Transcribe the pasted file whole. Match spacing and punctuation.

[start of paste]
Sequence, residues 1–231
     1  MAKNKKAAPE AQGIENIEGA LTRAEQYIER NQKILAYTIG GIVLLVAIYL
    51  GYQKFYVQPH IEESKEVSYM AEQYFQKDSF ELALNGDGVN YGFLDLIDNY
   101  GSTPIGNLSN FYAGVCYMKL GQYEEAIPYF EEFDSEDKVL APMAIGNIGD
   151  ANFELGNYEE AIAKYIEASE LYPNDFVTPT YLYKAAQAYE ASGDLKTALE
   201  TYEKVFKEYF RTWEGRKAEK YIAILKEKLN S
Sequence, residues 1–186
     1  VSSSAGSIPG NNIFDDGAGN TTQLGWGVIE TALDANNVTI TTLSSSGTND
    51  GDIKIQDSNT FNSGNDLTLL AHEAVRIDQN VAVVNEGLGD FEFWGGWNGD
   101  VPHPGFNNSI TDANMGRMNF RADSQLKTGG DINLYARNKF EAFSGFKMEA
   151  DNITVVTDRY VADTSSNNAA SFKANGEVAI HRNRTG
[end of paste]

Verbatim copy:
Sequence, residues 1–231
     1  MAKNKKAAPE AQGIENIEGA LTRAEQYIER NQKILAYTIG GIVLLVAIYL
    51  GYQKFYVQPH IEESKEVSYM AEQYFQKDSF ELALNGDGVN YGFLDLIDNY
   101  GSTPIGNLSN FYAGVCYMKL GQYEEAIPYF EEFDSEDKVL APMAIGNIGD
   151  ANFELGNYEE AIAKYIEASE LYPNDFVTPT YLYKAAQAYE ASGDLKTALE
   201  TYEKVFKEYF RTWEGRKAEK YIAILKEKLN S
Sequence, residues 1–186
     1  VSSSAGSIPG NNIFDDGAGN TTQLGWGVIE TALDANNVTI TTLSSSGTND
    51  GDIKIQDSNT FNSGNDLTLL AHEAVRIDQN VAVVNEGLGD FEFWGGWNGD
   101  VPHPGFNNSI TDANMGRMNF RADSQLKTGG DINLYARNKF EAFSGFKMEA
   151  DNITVVTDRY VADTSSNNAA SFKANGEVAI HRNRTG